Urban growth rates in Qatar and China leave Friedman skeptical about climate change mitigation
First the good news from The New York Times:
We have ended TimesSelect. All of our Op-Ed and news columns are now available free of charge. Additionally, The New York Times Archive is available free back to 1987.
Good for them. Interestingly, even though I had paid my money to get TimesSelect, I pretty much stopped reading the stuff behind the barrier because I couldn’t connect readers (i.e., you) to the material. The NYT had basically taken some of their best columnists out of the global discussion. Now they are back.
Friedman has a new piece titled “Doha and Dalian” — “Doha [top] is the capital of Qatar, a tiny state east of Saudi Arabia. Dalian [bottom] is in northeast China and is one of China’s Silicon Valley.” Their growth rates have surprised even itinerant Tom:
In Doha, since I was last there, a skyline that looks like a mini-Manhattan has sprouted from the desert. Whatever construction cranes are not in China must be in Doha today. This once sleepy harbor now has a profile of skyscrapers, thanks to a huge injection of oil and gas revenues. Dalian, with six million people, already had a mini-Manhattan when I was last here. It seems to have grown two more since — including a gleaming new convention complex built on a man-made peninsula.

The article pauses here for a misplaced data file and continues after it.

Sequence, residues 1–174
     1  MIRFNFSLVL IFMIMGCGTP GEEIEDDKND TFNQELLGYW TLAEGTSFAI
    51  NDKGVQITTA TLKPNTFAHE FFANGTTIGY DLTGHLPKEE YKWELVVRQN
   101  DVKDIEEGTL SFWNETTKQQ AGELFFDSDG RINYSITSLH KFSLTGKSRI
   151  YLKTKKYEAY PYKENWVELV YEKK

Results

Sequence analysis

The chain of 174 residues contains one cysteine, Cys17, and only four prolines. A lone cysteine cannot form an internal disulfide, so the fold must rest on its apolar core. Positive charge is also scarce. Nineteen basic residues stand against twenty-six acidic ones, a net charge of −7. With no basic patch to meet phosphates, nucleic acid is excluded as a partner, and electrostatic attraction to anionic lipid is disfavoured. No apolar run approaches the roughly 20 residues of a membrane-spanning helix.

What does this have to do with climate change? Friedman explains:
If you want to know why I remain a climate skeptic — not a skeptic about climate change, but a skeptic that we’re going to be able to mitigate it — it’s partly because of Doha and Dalian. Can you imagine how much energy all these new skyscrapers in just two cities you’ve never heard of are going to consume and how much CO2 they are going to emit?
I am not blaming them. It is a blessing that their people are growing out of poverty. And, after all, they’re just following the high-energy growth model pioneered by America. We’re still the world’s biggest energy hogs, but we’re now producing carbon copies in places you’ve never heard of.
Yes, “Americans” are popping up all over now — people who once lived low-energy lifestyles but by dint of oil wealth or hard work are now moving into U.S.-style apartments, cars and appliances.
Our planet cannot tolerate so many “Americans,” unless we take the lead and change what it means to be an American in energy terms.
That’s why we’re fooling ourselves. There is no green revolution, or, if there is, the counter-revolution is trumping it at every turn. Without a transformational technological breakthrough in the energy space, all of the incremental gains we’re making will be devoured by the exponential growth of all the new and old “Americans.”
I don’t fully agree. Yes, we should be pessimistic, especially as long as Bush is President, but I don’t think we need a “transformational technological breakthrough” — that might never come. We really need a sustained commitment to adopting the clean technologies that we have already developed, plus those that are in the pipeline, like plug-in hybrids and cellulosic ethanol. That commitment will need to be of a scale comparable to what we did during World War II — no mean feat. Later this year I will try to lay out the “solution to global warming” as I see it.